• Check the names of companies—customers in particular—with the team in customer marketing if you're not sure of the spelling or format.
  • If an individual's gender is clear, use his or her as the pronoun as appropriate. If it's not clear, the singular they and their are acceptable. Grammar nerds, read on.

Community Content Creation

  • There should only be one author per article; the SME needs to be the star. Editors, Content Managers, and Admins need to remove their names as contributors when creating or updating content on behalf of a SME.
  • Use the included attachment function to include files with any article. Do not use links to external sites like Box. Authors are responsible for maintaining their attachments.


  • U.S. dollars: Use the $ sign and decimal point for amounts over one dollar: $1.01, $2.50.
  • To distinguish the nationality of dollars, use the appropriate ISO codes (USD, CAD, AUD) after the number. Example: $4 million USD.
  • For euros, spell out lower case if it does not start a sentence. Do not use the euro symbol (€). Example: He paid me 12 euros.
  • For Japanese yen, spell out the currency, lower case: Example: 100 yen.
  • Cents: Never use the cent sign (¢). Instead, spell out the word cents and use numerals for amounts less than a dollar: 5 cents, 12 cents.
  • For related information see the Numbers section, below.

Dashes and Hyphens

  • Hypens (-) are used between some words and their prefixes and suffixes (always check the dictionary and word list) and in most cases when two or three words are used as an adjective. Do not put a space on either side of the hyphen.
    • Example of a prefix: co-branding
    • Example of a two-word adjective: decision-making power
    • Example of a three-word adjective: off-balance-sheet accounting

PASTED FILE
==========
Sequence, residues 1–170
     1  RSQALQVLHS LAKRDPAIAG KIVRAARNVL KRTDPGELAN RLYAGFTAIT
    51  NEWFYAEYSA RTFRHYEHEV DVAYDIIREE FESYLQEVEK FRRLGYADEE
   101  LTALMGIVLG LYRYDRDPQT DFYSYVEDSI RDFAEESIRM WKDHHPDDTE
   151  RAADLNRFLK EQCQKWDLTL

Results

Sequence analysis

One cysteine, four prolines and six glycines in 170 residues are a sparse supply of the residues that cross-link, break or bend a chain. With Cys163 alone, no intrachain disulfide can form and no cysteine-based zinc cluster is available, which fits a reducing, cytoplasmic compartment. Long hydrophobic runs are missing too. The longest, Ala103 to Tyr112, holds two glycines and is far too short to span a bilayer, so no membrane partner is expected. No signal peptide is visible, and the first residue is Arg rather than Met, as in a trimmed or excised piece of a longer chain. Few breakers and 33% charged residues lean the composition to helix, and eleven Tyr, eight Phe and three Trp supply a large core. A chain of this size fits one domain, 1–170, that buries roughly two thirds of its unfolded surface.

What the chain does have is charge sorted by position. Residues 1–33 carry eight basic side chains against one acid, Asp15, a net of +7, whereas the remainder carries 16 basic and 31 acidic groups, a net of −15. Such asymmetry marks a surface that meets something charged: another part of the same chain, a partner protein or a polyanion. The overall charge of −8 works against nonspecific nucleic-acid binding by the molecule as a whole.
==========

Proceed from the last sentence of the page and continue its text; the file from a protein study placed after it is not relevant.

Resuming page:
A hyphen is not needed in a two-word adjective in which the first word ends with ly. Example: "commonly held belief."

  • Em dashes (—) cause the reader to pause, and are used for parenthetical statements (in which case they can often be replaced by parentheses or commas) or to emphasize specific words or phrases. Do not put a space on either side of the em dash. To make one on a Mac: shift-option-hyphen.
    • Example of a parenthetical: The em dash is a mark that—unlike commas, periods, semicolons and all the others—doesn't seem to be subject to any rules. (The New York Times is the source of that example.)
    • Example of emphasis: "Provide captions for images used in blogs, white papers, and data sheets—but not for banners."
  • En dashes (–) are used to indicate spans of numbers, dates, or time. An en dash is also used when a multiple-word phrase is used as a modifier. Do not put a space on either side of the en dash. To make one on a Mac: option-hyphen.
    • Example of a span: "I'll be out of the office Tuesday–Friday."
    • Example of a multiple-word modifier: "bill of materials–based budgeting."
  • For more about dashes and hyphens, read this.

Dates and Times

  • Use the month, date, year format for dates: July 27, 2017.
  • Use numbers only, not ordinals, for dates: July 11, not July 11th or July 11th.